The Feuchtwanger Memorial Library is part of Special Collections. We are located on the second floor of Doheny Memorial Library on the USC Campus. The reference desk of Special Collections can be found in room DML 209.
Monday - Friday: 9AM-5PM
Saturdays during the semester: 1PM-5PM
Please be advised to contact the curator of the collection you are planning to work with in advance to make sure we have your materials available.
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Content on this LibGuide was drawn from a variety of sources, including finding aids created by USC Libraries for the collections described. These finding aids are frequently the product of collaborative effort and revised over time.
Marta Feuchtwanger willed her house and her husband's fine library to the
Today, the bookcases and cabinets in the Feuchtwanger Memorial Library which is located on the second floor of Doheny Library contain the most important books from the author’s collection, as well as Feuchtwanger’s own writings in various editions and translations.
Students working with primary sources in the Feuchtwanger Memorial Library
Photo: Jon Vidar
Another 20.000 books from Feuchtwanger’s library are still on long-term loan at his former house, Villa Aurora, which is now an artist residence and historic landmark.
Besides Lion Feuchtwanger’s collection of rare books, the Feuchtwanger Memorial Library also houses his personal materials such as correspondences, manuscripts and photographs as well as archives on other German-speaking exiles such as Marta Feuchtwanger, Ludwig Marcuse, Hanns Eisler, Felix Guggenheim and Heinrich Mann.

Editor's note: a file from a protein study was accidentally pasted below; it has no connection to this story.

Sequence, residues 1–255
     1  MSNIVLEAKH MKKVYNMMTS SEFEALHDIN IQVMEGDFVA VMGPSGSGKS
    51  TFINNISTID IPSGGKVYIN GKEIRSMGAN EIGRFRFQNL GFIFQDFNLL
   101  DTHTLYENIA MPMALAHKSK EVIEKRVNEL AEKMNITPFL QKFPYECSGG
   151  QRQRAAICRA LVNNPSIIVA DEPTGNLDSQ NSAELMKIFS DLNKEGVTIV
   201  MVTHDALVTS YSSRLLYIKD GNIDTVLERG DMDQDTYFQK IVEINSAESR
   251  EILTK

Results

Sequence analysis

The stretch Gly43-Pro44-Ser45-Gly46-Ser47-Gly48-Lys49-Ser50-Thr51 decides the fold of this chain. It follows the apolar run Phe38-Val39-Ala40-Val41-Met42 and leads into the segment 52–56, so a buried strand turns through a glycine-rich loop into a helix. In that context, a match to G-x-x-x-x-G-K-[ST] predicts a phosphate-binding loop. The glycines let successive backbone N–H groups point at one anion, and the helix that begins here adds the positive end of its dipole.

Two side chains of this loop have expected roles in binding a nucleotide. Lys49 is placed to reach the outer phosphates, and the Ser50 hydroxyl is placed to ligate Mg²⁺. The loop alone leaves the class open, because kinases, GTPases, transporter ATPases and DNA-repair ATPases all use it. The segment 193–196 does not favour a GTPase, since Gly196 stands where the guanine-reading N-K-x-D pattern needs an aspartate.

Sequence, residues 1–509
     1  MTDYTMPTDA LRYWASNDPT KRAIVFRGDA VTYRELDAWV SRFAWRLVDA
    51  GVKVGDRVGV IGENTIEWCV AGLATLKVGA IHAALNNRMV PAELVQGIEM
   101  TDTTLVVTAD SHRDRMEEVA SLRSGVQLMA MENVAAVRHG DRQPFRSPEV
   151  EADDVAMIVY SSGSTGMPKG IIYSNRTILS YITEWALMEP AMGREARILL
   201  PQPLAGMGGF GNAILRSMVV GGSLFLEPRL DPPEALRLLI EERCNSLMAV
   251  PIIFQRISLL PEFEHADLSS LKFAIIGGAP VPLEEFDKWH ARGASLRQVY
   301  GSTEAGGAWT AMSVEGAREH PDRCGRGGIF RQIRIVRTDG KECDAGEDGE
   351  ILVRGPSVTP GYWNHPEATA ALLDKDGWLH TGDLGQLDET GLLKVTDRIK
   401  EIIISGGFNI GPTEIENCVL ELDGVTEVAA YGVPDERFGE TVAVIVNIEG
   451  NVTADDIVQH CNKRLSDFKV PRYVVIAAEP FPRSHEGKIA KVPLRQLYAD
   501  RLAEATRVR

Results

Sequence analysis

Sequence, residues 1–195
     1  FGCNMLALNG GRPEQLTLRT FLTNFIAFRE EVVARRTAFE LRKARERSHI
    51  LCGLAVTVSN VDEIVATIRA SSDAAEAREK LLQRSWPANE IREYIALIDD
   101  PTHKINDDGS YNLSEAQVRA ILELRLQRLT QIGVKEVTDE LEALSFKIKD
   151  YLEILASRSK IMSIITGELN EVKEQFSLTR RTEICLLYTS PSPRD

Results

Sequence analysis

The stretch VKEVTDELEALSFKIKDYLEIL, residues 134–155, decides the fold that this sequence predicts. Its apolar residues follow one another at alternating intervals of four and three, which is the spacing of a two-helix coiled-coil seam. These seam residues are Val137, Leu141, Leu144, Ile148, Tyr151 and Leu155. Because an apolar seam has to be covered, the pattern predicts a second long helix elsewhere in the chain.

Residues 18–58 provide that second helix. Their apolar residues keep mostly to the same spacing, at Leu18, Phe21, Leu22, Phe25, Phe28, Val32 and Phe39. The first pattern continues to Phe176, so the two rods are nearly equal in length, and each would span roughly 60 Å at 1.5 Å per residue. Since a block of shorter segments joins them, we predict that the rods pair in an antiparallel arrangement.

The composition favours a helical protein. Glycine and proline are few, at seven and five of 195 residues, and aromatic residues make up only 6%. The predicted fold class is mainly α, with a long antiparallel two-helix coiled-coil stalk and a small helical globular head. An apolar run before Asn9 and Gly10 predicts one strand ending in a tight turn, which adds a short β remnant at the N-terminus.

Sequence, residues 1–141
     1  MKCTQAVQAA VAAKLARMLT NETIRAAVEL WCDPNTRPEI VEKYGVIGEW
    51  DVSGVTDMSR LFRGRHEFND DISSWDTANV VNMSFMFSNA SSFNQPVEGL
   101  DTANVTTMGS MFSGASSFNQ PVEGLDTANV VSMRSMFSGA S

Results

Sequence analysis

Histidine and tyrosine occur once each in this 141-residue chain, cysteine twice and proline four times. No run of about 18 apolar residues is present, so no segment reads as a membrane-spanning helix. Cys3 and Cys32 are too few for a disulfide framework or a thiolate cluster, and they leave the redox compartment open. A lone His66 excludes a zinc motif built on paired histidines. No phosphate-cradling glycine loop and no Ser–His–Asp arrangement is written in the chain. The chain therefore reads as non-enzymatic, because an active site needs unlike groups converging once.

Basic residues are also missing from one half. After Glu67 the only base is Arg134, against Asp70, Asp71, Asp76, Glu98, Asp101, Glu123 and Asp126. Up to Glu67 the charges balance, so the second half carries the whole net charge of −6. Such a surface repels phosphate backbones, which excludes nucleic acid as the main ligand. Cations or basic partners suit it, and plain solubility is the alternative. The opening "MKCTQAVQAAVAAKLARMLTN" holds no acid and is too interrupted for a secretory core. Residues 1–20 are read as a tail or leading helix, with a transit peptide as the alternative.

Researchers from around the world turn to the Feuchtwanger Memorial Library for their research on the German-speaking exiles in
The Feuchtwanger Memorial Library also offers research grants to those interested in working with the collections.
Most texts for this LibGuide were taken from a pre-existing website for the Feuchtwanger Memorial Library which was created by Marje Schuetze-Coburn and other contributors.
The Feuchtwanger Memorial Library was given to the University of Southern California by Marta Feuchtwanger, the widow of the German exile writer, Lion Feuchtwanger. In all, the Library contains nearly 30,000 volumes. Some 8,000 of the rarest books are housed on the USC campus, while 20,000 volumes remain on long-term loan at the Feuchtwanger's former residence, Villa Aurora, in Pacific Palisades.
|Lion Feuchtwanger (1884-1958) fled Europe during World War II and lived in Los Angeles from 1941 until his death in 1958. He began his literary career as a theater critic and turned his talent to writing plays in the 1910s and 1920s. He first became internationally known, however, for his historical novel Jud Süss published in 1925. During his seventeen years in Southern California, he wrote primarily historical fiction including: Waffen für Amerika also called Die Füchse im Weinberg (1947-48; Proud Destiny), Goya oder Der arge Weg der Erkenntnis (1951; This is the Hour, a Novel about Goya), Spanische Ballade also called Die Jüdin von Toledo (1955; Raquel, the Jewess of Toledo), and Jefta und seine Tochter (1957; Jephta and his Daughter). Feuchtwanger's library reflects his interests in different historical periods and contains several noteworthy smaller collections of primary and secondary sources focusing on such subjects as Greek and Latin classics, Jewish and biblical history, the Enlightenment, French Revolution, German literature, and exile literature.|